Take it from me, the 200 year old DJ, there's a time pretty much every night when you have to reach for a Fresedo tanda to do a specific thing you need right now. And the larger your crowd, the more you need him for the perfect assist he gives you in your moment of need.

His early records bring: beautiful melodies, beautiful moods; relief from intensity; suggestions for movement dancers will find refreshing; a breath of fresh air. (His later records, 40s onward, bring pretty much darkness and depression (subjective opinion) so don't go there in a milonga.!

The sound quality of his early records is pretty good, right? Well ... except for some creep at a record company thinking in later years that adding echo to them would be a terrific idea. That virus introduction has come down into everything available today.

I am happy to play for you what he is supposed to sound like! Compare this to the version you have ...

Fresedo Orquesta (1933) - La clavada

The most interesting of the tango orquestas are the ones who fashioned a unique, instantly recognizable sound.

Elegant, sophisticated, urbane - using vibes, harp, percussion and other orchestral possibilities, Fresedo created his own kind of tango music and in so doing left a wonderful legacy of dreamy dance music.

Osvaldo composed, among other songs, El Once, Vida Mia, Arrabalero, Aromas, Pampero, Pimienta and a sweet little number that I love, Sollozos.

Known as "El pibe de la Paternal," Osvaldo Nicolás is from the so-called 1910 generation - one of the sedate and gentle ones.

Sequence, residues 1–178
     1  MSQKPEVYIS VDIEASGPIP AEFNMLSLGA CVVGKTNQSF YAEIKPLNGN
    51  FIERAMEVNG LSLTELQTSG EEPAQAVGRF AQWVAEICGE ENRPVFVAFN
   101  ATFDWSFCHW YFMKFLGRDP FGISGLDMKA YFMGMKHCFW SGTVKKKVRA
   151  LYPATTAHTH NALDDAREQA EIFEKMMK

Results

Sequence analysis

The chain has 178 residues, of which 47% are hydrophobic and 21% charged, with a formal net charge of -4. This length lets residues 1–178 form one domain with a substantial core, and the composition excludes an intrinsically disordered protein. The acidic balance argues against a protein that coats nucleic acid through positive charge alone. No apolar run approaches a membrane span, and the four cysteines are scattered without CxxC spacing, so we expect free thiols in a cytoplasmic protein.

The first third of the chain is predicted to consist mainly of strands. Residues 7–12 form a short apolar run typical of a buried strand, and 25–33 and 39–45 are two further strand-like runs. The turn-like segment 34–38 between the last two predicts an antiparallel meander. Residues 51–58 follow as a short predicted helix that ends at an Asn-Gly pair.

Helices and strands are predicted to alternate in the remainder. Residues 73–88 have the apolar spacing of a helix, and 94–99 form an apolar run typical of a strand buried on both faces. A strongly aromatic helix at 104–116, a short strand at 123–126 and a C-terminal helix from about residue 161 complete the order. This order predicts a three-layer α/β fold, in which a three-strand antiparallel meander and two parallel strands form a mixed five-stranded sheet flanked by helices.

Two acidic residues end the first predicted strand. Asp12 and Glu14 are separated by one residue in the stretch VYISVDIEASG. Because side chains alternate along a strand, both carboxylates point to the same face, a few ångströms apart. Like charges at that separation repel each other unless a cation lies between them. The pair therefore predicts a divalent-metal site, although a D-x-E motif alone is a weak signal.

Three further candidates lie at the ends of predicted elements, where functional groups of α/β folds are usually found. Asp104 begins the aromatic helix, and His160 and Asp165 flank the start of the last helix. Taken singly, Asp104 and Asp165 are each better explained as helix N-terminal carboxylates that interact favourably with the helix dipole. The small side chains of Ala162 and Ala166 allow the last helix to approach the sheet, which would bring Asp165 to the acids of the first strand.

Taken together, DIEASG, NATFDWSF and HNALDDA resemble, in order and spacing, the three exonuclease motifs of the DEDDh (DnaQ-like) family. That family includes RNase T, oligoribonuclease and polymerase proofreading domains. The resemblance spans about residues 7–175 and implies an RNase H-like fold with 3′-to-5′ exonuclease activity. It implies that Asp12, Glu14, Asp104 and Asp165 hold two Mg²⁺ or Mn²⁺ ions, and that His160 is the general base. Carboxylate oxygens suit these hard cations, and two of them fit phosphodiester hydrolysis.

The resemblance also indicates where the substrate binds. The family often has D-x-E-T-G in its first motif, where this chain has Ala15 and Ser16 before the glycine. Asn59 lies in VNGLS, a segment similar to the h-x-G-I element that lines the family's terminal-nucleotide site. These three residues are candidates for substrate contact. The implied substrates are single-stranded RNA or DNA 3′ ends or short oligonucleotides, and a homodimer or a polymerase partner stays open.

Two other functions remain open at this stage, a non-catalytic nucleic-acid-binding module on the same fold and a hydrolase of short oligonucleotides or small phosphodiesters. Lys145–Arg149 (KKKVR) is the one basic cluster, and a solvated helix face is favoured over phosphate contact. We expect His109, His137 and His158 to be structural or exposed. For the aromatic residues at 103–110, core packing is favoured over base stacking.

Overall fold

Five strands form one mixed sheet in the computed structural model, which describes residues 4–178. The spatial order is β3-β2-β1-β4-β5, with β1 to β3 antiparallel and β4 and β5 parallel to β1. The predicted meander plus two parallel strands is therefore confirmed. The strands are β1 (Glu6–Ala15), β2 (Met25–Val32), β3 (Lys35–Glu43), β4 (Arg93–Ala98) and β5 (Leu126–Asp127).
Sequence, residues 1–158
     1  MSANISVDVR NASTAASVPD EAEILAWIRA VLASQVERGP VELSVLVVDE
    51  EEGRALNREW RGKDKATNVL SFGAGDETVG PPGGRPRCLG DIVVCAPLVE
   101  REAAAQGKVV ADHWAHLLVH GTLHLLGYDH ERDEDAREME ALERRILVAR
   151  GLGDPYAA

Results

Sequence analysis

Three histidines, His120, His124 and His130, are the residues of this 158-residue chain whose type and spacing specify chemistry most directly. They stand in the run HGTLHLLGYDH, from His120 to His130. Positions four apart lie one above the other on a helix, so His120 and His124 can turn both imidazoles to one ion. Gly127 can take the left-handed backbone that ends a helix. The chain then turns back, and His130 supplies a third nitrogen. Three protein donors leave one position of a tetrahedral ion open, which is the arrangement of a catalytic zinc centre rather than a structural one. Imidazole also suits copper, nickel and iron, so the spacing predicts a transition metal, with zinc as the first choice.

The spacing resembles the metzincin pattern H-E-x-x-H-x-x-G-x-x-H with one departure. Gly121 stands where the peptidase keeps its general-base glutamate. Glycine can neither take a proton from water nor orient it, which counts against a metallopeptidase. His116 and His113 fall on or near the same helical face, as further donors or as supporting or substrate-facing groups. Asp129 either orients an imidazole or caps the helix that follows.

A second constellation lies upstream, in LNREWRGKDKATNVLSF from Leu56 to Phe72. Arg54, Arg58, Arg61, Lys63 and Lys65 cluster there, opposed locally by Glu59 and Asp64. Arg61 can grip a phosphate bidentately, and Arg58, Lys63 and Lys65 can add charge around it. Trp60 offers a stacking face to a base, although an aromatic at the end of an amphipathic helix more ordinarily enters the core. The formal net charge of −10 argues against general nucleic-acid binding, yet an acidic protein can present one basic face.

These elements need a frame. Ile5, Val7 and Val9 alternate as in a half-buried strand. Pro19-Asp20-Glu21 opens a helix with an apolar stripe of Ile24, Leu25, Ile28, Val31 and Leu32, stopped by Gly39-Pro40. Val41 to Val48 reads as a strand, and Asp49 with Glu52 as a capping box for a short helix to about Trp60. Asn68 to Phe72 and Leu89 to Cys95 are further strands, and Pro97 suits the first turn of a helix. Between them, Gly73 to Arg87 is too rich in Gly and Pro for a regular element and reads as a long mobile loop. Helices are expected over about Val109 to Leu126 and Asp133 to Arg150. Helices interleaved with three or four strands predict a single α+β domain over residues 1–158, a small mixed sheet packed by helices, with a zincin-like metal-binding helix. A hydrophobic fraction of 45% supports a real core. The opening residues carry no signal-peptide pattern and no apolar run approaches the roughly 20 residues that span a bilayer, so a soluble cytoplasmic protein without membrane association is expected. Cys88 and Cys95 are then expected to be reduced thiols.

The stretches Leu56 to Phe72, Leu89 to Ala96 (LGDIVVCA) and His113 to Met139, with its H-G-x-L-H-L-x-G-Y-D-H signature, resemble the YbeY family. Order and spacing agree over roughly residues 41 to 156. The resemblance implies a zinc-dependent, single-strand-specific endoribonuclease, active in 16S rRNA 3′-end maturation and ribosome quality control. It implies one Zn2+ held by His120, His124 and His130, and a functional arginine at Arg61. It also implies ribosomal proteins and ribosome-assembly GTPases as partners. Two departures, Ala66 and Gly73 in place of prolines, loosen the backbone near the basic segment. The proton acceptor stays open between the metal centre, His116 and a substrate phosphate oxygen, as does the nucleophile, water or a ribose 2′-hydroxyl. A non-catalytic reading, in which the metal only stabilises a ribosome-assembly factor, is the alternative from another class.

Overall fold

As a player, he was in groups led by Firpo and Canaro. He started his own quartet in 1918 employing musicans such later well-known musicians as Julio De Caro (!) and Hugo Baralis. He recorded first in the U.S. with Orquesta Típica "Select,". He played on two Gardel recordings in 1925 (Fea and Perdó viejita). Later in that decade, he played in movies houses hiring the young, unknown, just arrived in town Carlos Di Sarli who aspired to make music like Fresedo.

From the beginning as a leader, he developed a soft, staccato rhythmic approach which became his signature.

His featured singer in the 30s, Roberto Ray, was just fantastic and fills halls today with a special quality of delivery. He always pushes the peoples' swoon button every time he comes on.

In 1956 he made a landmark recording collarboration with wonderful Dizzy Gillespie. To me, it's not for dancing - but it sure is interesting.

Fresedo for many becomes more interesting the more one gets deeper into tango. It's the same for a dj. I use him to give me a broader canvas to work on. His music is fabulous as a mood transitioner in a milonga.